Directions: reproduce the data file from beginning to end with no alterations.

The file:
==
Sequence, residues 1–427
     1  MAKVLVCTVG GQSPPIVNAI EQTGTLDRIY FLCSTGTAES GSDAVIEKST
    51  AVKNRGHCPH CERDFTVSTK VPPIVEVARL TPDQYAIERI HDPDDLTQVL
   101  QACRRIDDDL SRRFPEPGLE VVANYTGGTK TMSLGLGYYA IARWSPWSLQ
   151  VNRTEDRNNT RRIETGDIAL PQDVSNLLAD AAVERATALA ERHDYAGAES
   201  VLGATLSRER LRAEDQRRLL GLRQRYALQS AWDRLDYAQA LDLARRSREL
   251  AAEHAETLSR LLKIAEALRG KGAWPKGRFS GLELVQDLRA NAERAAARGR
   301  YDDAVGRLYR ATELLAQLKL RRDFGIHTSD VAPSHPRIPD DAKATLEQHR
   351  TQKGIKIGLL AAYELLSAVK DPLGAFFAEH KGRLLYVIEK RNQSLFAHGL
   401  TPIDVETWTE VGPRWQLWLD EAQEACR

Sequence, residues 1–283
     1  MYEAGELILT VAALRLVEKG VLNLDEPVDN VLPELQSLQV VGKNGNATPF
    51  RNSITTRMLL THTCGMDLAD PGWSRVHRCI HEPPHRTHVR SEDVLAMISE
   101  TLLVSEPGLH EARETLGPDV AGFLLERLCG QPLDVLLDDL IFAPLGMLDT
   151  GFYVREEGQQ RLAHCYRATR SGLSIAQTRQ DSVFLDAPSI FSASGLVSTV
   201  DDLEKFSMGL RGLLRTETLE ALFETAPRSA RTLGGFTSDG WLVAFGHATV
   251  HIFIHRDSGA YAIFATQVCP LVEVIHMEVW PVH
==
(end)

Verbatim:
Sequence, residues 1–427
     1  MAKVLVCTVG GQSPPIVNAI EQTGTLDRIY FLCSTGTAES GSDAVIEKST
    51  AVKNRGHCPH CERDFTVSTK VPPIVEVARL TPDQYAIERI HDPDDLTQVL
   101  QACRRIDDDL SRRFPEPGLE VVANYTGGTK TMSLGLGYYA IARWSPWSLQ
   151  VNRTEDRNNT RRIETGDIAL PQDVSNLLAD AAVERATALA ERHDYAGAES
   201  VLGATLSRER LRAEDQRRLL GLRQRYALQS AWDRLDYAQA LDLARRSREL
   251  AAEHAETLSR LLKIAEALRG KGAWPKGRFS GLELVQDLRA NAERAAARGR
   301  YDDAVGRLYR ATELLAQLKL RRDFGIHTSD VAPSHPRIPD DAKATLEQHR
   351  TQKGIKIGLL AAYELLSAVK DPLGAFFAEH KGRLLYVIEK RNQSLFAHGL
   401  TPIDVETWTE VGPRWQLWLD EAQEACR

Sequence, residues 1–283
     1  MYEAGELILT VAALRLVEKG VLNLDEPVDN VLPELQSLQV VGKNGNATPF
    51  RNSITTRMLL THTCGMDLAD PGWSRVHRCI HEPPHRTHVR SEDVLAMISE
   101  TLLVSEPGLH EARETLGPDV AGFLLERLCG QPLDVLLDDL IFAPLGMLDT
   151  GFYVREEGQQ RLAHCYRATR SGLSIAQTRQ DSVFLDAPSI FSASGLVSTV
   201  DDLEKFSMGL RGLLRTETLE ALFETAPRSA RTLGGFTSDG WLVAFGHATV
   251  HIFIHRDSGA YAIFATQVCP LVEVIHMEVW PVH